The French philosopher Jacques Derrida, who died last weekend, is one of the best-known academics in modern times - a controversial figure with the looks of a maturing matinee idol.
But Christopher Norris, distinguished research professor in philosophy at Cardiff University, who met him many times, said: "He was very diffident and self-effacing. He always gave the impression of being quite surprised by his own celebrity."
Many people were baffled and frustrated by his theories, notably deconstruction, and this was compounded by his disinclination to define them succinctly.
Professor Norris, who called him the most original philosopher of the 20th century, said he refused to dictate what other people made of deconstruction, and was "very polite" if views differed from his. But he was irritated if people wilfully misrepresented him.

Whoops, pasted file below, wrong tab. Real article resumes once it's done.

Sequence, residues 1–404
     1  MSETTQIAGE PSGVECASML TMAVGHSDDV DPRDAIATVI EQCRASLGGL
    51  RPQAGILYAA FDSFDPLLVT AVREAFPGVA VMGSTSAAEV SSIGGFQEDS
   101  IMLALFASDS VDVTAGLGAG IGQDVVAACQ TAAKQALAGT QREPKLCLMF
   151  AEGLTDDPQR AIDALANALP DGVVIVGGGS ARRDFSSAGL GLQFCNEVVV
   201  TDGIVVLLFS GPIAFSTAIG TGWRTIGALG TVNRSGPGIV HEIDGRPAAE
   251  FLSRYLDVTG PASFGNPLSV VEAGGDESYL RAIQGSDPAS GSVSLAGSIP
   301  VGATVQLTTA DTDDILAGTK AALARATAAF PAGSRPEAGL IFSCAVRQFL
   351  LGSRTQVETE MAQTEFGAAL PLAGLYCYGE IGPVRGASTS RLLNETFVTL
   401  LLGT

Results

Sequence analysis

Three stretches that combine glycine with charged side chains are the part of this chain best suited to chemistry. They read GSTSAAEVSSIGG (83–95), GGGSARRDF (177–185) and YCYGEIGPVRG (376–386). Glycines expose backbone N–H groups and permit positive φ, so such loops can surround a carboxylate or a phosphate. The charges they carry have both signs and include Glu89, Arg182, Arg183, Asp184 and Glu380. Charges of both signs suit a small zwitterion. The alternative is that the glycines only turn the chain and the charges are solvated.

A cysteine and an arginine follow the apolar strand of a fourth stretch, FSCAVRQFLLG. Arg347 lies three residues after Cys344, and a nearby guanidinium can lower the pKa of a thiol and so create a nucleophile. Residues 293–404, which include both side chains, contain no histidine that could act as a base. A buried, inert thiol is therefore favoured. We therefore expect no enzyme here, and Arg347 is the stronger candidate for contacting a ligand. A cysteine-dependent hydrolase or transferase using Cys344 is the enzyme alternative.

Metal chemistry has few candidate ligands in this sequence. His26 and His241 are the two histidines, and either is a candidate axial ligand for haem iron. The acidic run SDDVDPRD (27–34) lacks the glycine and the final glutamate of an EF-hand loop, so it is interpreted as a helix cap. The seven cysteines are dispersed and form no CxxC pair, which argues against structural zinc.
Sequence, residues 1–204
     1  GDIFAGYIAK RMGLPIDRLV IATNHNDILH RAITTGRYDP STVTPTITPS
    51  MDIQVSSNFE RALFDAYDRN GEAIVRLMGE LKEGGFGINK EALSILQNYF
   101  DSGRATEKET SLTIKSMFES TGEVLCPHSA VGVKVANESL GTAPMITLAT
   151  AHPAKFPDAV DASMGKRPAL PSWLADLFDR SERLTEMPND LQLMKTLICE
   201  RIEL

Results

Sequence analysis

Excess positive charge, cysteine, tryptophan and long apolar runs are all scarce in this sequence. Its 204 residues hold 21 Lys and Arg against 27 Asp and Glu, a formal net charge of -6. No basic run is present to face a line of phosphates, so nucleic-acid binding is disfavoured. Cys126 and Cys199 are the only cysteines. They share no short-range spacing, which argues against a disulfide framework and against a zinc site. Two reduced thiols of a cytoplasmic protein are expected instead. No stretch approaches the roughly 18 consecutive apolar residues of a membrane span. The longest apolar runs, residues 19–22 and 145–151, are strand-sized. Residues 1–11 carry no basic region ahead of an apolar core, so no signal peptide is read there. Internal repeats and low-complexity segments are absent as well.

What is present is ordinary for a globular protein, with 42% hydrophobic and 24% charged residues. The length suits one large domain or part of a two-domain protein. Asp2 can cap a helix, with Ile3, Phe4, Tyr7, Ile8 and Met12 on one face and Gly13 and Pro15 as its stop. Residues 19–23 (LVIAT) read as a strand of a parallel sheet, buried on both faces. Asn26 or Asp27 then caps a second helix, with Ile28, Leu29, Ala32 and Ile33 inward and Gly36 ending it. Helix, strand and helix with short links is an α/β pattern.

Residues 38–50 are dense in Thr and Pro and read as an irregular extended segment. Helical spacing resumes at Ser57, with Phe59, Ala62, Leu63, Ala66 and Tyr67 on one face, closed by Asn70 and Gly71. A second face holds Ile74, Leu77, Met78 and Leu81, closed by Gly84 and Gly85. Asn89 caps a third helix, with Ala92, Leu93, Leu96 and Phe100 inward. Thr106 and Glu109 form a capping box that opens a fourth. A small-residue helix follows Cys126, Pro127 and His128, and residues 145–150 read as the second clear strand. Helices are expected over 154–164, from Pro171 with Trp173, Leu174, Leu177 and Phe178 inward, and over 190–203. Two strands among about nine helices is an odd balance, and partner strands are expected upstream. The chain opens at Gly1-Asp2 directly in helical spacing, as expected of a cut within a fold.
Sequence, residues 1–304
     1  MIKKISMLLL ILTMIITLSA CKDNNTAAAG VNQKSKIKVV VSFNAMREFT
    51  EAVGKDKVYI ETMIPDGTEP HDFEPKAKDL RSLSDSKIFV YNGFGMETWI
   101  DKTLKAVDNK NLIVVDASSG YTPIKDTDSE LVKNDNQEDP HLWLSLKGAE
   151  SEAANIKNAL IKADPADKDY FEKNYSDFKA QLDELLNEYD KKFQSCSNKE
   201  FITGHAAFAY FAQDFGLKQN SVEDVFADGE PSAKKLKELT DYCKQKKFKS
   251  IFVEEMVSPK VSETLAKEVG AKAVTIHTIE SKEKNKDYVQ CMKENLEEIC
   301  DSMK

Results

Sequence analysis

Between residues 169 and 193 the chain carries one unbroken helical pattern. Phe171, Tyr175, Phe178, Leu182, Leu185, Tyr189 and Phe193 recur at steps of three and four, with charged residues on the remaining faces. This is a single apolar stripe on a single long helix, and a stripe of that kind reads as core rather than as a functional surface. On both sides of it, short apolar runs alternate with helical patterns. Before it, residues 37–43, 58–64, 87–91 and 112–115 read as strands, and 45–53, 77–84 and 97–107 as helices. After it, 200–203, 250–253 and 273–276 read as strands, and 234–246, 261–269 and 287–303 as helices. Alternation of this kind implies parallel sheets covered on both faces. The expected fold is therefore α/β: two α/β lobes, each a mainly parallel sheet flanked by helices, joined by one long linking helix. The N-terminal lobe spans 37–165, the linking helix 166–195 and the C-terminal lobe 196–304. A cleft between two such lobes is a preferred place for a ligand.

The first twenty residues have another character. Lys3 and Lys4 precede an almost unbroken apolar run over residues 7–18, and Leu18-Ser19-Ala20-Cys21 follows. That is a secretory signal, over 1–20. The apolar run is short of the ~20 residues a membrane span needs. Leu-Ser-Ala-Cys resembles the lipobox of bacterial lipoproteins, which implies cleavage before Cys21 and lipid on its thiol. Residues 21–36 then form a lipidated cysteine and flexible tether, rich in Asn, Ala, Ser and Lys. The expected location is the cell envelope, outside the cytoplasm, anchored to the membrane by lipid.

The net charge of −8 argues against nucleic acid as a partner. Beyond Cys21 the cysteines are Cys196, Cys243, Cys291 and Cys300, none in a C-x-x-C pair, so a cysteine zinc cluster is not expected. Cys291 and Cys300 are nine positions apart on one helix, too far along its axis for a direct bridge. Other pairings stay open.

A group of Cambridge University dons tried to stop the university awarding him an honorary degree, and an international group of scholars wrote to The Times saying his work did not meet "accepted standards of clarity and rigour".
Roy Harris, emeritus professor of general linguistics at Oxford University, recalls attending a series of Professor Derrida's lectures at the Sorbonne.
"It wasn't until then that I realised what amount of effort he devoted to wilful verbal obscurity," he said. And added that he appeared to take Antoine Rivarol's comment, "What isn't clear, isn't French", as a personal challenge.
"Derrida's work has an enormous appeal to the intellectual anarchists and at the same time to the academic snobs, and that makes a very powerful combination," he said.